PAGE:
Just 29% of food businesses satisfactory on hygiene - HSE
Inspectors issue 465 food safety enforcement actions, including 311 improvement notices
Tony O’Brien, director general of the HSE: “We do not get everything right and when we do not we must learn from our mistakes.” Photograph: Alan Betson/The Irish Times
Only one-quarter of food businesses visited by HSE inspectors last year were deemed to be operating satisfactorily for hygiene and food safety, according to the HSE annual report for 2013, which has just been published.
Environmental health officers employed by the HSE carried out more than 33,000 inspections of food businesses last year. In 29 per cent of cases, the outcome was judged to be satisfactory. There was minor non-compliance in 47 per cent of cases. Some 18 per cent of assessments resulted in an “unsatisfactory” finding, 5 per cent were judged to be “unsatisfactory significant” and 1 per cent were “unsatisfactory serious”.
Inspectors issued 465 formal food safety enforcement actions, including 311 improvement notices and 11 prosecutions.
The HSE dealt with more than 650 infectious disease outbreaks, some involving more than a hundred people. The report notes a rise in some forms of bacteria commonly associated with food poisoning. For example, the number of VTEC (verocytotoxigenic E.coli) cases rose to more than 700, from 530 in 2012.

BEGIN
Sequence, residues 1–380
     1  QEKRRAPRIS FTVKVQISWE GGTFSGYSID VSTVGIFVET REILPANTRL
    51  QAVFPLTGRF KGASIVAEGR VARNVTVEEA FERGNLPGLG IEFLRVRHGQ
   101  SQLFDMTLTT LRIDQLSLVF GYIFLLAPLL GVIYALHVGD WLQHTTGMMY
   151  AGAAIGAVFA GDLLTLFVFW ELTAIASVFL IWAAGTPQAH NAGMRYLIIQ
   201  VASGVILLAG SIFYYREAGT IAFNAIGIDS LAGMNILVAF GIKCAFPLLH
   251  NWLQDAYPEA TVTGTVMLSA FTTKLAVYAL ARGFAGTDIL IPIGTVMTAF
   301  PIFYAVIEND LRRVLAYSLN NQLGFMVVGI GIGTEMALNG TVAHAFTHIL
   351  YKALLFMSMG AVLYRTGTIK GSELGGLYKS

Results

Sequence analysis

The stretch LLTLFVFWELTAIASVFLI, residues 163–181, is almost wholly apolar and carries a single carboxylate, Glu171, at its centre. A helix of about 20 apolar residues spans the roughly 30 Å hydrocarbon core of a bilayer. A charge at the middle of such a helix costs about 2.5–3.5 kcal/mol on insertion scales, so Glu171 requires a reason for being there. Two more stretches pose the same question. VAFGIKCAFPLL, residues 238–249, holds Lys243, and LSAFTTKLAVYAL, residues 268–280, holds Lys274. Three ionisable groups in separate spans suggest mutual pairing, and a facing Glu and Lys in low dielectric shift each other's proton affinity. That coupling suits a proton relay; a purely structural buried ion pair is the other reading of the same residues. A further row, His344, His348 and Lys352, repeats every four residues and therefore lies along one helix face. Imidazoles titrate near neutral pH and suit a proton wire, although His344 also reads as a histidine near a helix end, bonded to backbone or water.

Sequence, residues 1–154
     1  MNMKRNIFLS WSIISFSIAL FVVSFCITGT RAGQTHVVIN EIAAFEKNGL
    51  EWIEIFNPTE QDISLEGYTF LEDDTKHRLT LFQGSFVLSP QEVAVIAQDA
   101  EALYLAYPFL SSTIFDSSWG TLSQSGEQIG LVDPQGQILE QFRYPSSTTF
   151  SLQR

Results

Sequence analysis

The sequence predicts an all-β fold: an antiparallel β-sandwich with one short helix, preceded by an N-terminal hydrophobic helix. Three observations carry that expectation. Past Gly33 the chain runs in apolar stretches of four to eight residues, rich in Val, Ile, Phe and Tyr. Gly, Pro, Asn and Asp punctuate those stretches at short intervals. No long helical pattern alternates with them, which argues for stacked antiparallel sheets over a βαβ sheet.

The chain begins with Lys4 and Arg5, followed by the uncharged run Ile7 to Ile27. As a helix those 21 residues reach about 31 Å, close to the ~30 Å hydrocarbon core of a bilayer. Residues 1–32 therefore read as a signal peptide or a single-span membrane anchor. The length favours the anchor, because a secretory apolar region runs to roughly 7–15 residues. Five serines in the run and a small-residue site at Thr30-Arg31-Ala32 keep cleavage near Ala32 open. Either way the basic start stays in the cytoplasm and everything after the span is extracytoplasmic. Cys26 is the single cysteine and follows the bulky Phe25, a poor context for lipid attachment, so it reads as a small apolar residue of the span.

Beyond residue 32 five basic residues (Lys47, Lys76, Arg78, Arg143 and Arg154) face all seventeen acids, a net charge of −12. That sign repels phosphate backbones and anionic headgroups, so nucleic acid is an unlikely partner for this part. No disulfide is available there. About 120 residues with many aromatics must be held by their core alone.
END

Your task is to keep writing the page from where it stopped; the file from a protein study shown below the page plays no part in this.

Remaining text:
The report also says more than 1,000 people were diagnosed with gonorrhoea last year. The number of cases increased by 33 per cent in 2012, while young men and women aged 17 to 29 years have been identified as being particularly at risk.
The report shows that while targets are being achieved for treating breast and lung cancer, just 55 per cent of patients with prostate cancer are being offered an appointment within 20 working days of referral, compared to a target of 90 per cent. Rapid access clinics in Waterford, Limerick and Cork are experiencing “particular pressures”, but approval has been given for additional urologist posts.
The report says significant progress was made last year in clearing patient waiting lists, with just four patients waiting longer than eight months for an inpatient procedure and 4,937 people waiting longer than 12 months for an outpatient appointment. However, the same waiting lists have begun to grow again in the early months of this year.
HSE director general Tony O’Brien says the health service is continuing to implement what it is learning from reports into the death of Savita Halappanavar and, in Britain, into the Mid-Staffordshire trust inquiry. “We do not get everything right and when we do not we must learn from our mistakes,” he said.